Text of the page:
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J Sex Res. 2017 Mar-Apr;54(3):273-283. doi: 10.1080/00224499.2016.1156047. Epub 2016 Apr 19.

Do Some Students Need Special Protection From Research on Sex and Trauma? New Evidence for Young Adult Resilience in "Sensitive Topics" Research.

Author information

1
a Department of Psychology and Social Behavior , University of California , Irvine.
2
b Department of Psychiatry , University of Texas Health Science Center at San Antonio.
3
c Department of Psychology , University of New Mexico.

Abstract

Institutional review boards (IRBs) have expressed concerns that certain individuals or groups, such as participants who are younger, ethnic minorities, or who have certain psychological or personality traits, may be particularly distressed when participating in "sensitive topics" research. This study examined the effects of several demographic and individual difference factors (i.e., age, sex, ethnicity, religiosity, Big Five personality traits, and baseline psychological distress levels) on reactions to participation in sensitive topics research. Participants were 504 undergraduates who completed an extensive battery of either trauma/sex questionnaires or cognitive tests and rated their positive and negative emotional reactions and the perceived benefits and mental costs of participating. They also compared research participation to normal life stressors. Our findings indicated that individual difference and demographic risk factors do not increase participant distress after participating in sex/trauma research over and above that experienced after participating in traditionally minimal-risk cognitive tasks. Participants generally found research participation less distressing than normal life stressors and even enjoyable.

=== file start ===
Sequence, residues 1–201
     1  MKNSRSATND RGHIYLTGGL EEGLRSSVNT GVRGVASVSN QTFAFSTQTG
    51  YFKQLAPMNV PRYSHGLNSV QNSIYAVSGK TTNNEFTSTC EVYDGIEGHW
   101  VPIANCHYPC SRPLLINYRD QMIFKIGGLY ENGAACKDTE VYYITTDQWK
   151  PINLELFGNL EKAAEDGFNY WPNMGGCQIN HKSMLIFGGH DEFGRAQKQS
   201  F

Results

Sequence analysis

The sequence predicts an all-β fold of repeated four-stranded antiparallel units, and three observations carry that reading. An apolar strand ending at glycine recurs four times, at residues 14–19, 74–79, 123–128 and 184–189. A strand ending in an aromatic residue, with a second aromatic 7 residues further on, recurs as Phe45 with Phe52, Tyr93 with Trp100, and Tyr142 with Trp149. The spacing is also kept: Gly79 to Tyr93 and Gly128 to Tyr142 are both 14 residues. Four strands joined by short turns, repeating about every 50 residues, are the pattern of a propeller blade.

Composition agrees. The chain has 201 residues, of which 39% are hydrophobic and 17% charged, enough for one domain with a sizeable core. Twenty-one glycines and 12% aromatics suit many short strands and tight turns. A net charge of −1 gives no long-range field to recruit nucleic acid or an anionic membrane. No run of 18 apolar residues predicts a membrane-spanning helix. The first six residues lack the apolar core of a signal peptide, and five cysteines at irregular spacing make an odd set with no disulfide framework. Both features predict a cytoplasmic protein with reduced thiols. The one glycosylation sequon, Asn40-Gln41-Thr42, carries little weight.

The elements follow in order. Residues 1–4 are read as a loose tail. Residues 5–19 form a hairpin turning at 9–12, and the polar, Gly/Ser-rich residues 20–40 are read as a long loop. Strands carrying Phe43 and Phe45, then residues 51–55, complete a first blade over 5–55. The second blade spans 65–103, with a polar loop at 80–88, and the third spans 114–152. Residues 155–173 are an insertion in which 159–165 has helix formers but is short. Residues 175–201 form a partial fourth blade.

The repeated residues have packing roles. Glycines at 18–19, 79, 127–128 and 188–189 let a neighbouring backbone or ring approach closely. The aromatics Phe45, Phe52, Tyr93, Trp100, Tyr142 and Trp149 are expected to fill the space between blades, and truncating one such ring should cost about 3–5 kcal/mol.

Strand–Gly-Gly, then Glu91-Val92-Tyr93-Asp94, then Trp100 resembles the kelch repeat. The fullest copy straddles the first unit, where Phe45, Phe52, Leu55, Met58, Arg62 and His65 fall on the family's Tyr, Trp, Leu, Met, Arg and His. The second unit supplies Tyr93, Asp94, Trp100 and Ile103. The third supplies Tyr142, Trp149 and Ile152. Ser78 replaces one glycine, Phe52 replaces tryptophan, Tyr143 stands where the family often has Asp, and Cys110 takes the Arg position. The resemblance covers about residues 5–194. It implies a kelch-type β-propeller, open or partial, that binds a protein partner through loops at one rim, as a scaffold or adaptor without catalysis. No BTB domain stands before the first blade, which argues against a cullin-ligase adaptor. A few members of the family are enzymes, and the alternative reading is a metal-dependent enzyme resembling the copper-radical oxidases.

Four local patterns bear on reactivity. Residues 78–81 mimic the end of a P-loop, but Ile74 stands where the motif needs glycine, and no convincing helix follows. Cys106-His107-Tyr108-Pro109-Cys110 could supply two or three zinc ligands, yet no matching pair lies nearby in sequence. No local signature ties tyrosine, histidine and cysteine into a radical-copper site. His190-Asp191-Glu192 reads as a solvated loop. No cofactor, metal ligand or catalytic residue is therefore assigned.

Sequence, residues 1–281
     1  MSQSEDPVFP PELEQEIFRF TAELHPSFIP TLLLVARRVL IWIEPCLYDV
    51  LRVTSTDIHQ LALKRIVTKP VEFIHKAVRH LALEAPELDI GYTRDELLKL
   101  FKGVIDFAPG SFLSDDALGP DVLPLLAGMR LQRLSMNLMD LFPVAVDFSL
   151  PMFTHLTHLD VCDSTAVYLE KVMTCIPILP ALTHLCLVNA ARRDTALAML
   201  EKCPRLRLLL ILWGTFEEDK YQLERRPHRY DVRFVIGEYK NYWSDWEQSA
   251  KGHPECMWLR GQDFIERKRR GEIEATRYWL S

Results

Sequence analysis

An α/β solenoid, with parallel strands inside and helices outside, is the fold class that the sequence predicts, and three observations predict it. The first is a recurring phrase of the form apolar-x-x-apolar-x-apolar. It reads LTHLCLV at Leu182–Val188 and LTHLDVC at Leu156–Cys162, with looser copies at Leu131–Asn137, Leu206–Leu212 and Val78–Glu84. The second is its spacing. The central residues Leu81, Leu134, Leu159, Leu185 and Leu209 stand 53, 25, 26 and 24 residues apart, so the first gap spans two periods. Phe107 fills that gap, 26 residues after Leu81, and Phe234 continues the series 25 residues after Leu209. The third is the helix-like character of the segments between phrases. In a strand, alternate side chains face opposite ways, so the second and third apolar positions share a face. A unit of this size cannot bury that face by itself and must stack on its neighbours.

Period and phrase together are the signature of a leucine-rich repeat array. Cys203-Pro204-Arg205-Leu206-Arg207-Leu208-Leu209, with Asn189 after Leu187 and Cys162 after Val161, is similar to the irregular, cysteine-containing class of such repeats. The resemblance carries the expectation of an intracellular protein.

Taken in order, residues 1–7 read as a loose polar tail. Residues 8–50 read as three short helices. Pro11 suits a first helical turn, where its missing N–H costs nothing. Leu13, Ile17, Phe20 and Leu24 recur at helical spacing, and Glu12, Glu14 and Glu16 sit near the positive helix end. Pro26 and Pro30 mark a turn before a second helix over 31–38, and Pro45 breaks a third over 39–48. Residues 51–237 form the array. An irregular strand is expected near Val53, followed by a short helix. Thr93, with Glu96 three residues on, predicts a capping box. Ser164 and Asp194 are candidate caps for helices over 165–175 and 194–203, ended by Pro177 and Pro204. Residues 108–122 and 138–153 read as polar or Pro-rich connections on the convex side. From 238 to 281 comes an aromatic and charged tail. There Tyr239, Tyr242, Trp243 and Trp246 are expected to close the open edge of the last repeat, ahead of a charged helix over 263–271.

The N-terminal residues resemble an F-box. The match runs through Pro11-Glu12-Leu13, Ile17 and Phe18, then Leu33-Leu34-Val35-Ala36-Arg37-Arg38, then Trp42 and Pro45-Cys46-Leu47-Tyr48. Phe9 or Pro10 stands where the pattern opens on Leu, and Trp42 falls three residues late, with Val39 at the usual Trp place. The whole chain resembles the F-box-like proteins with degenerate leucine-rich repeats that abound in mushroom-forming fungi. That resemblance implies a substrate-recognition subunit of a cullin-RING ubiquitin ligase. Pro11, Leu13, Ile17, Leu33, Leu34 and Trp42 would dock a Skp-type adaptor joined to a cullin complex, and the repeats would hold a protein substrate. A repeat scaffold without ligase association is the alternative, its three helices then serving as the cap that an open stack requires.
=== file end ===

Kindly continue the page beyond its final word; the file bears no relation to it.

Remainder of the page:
PMID:
27093242
DOI:
10.1080/00224499.2016.1156047
[Indexed for MEDLINE]

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